More successful was the combined Franco-Spanish invasion of Minorca in 1781; Minorca surrendered the following year [Chartrand 54-56] , and was restored to Spain after the war nearly eighty years after it was first captured by the British. [Harvey p.532]

West Indies and Gulf Coast

In the Caribbean, the main effort was directed to prevent possible British landings in Cuba, remembering the British expedition against Cuba that seized Havana in the Seven Years War. This effort proved successful and in 1782 the Spaniards passed on to the offensive in successfully invading the Bahamas. On the mainland, the Spanish Governor of Louisiana, Count Bernardo de Gálvez, lead a series of successful offensives against the British forts in the Mississippi Valley, taking Manchac, Baton Rouge, Natchez and Mobile between 1779 and 1780. [Harvey p.413-14] In 1781 Gálvez's forces achieved a decisive victory against the British at the Battle of Pensacola and all of West Florida fell under Spanish occupation. This secured the southern route for supplies and slammed shut the door on the possibility of any British offensive via the Mississippi River.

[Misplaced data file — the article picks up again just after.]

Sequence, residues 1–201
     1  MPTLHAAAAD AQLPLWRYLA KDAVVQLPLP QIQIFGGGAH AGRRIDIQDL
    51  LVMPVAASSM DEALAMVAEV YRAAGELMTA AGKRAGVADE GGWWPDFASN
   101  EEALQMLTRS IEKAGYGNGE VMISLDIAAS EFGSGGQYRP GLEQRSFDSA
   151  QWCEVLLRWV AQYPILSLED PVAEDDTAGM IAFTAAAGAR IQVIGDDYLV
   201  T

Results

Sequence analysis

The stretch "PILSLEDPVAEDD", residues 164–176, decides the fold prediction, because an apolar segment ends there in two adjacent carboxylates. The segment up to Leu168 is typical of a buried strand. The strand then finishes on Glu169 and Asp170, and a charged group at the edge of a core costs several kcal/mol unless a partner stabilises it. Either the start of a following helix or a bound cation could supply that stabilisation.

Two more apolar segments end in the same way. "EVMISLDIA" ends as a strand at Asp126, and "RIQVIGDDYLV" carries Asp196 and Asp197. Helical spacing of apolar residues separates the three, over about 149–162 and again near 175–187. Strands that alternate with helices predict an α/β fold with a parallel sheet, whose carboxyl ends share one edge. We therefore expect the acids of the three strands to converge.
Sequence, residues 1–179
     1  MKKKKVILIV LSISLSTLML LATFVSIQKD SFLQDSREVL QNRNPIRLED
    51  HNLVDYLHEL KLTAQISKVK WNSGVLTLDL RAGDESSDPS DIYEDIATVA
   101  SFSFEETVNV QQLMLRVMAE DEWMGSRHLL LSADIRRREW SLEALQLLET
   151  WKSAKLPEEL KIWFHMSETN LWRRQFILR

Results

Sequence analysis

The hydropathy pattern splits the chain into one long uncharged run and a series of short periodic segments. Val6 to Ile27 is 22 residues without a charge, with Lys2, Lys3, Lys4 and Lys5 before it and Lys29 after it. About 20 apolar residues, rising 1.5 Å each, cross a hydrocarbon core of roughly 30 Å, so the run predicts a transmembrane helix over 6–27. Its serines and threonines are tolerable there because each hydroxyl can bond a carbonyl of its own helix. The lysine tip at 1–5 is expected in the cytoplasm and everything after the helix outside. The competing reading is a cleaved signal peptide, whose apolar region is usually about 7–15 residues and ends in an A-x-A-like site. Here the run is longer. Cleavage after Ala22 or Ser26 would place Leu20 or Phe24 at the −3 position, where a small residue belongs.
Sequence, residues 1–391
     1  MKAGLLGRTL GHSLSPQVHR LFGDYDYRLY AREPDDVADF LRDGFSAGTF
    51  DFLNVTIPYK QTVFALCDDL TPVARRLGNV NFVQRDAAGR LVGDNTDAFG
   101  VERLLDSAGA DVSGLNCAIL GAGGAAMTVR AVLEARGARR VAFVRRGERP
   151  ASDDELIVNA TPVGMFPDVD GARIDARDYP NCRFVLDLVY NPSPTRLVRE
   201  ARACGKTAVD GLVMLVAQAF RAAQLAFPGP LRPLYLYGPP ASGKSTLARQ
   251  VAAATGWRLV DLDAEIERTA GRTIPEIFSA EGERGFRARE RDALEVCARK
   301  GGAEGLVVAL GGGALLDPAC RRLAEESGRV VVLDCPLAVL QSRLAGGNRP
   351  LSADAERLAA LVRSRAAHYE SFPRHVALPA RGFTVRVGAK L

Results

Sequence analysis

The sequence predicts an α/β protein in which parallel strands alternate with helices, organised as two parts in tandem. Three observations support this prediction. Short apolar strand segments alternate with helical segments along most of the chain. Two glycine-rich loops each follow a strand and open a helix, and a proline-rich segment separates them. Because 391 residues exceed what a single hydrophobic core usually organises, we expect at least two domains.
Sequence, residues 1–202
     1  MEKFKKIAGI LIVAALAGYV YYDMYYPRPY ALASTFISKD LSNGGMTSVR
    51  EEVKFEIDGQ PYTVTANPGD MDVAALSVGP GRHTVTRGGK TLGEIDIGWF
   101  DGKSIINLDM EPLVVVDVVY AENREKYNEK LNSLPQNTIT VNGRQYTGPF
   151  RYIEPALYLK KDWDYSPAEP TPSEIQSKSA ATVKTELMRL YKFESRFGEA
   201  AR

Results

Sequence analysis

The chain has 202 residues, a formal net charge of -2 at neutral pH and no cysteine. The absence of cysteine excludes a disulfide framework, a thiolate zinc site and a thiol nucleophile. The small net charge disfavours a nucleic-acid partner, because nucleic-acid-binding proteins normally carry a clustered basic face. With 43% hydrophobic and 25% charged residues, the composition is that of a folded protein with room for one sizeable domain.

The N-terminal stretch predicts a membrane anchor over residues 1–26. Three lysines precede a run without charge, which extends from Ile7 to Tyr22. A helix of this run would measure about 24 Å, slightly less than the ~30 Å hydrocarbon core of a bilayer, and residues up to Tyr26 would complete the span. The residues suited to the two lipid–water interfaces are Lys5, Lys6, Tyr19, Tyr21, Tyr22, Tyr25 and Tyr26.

From 1783 the Cuban garrison made preparations under Gálvez to invade Jamaica but these were aborted when Britain sued for peace.

American Midwest

The Spanish garrisons in the Louisiana Territory repelled attacks from British units and the latter's Indian allies in the Battle of Saint Louis in 1780. A year later, a detachment travelled through present-day Illinois and took Fort St. Joseph, in the modern state of Michigan. The prospect of further Spanish advances in the region caused concern even among the American rebels.

Treaty of Paris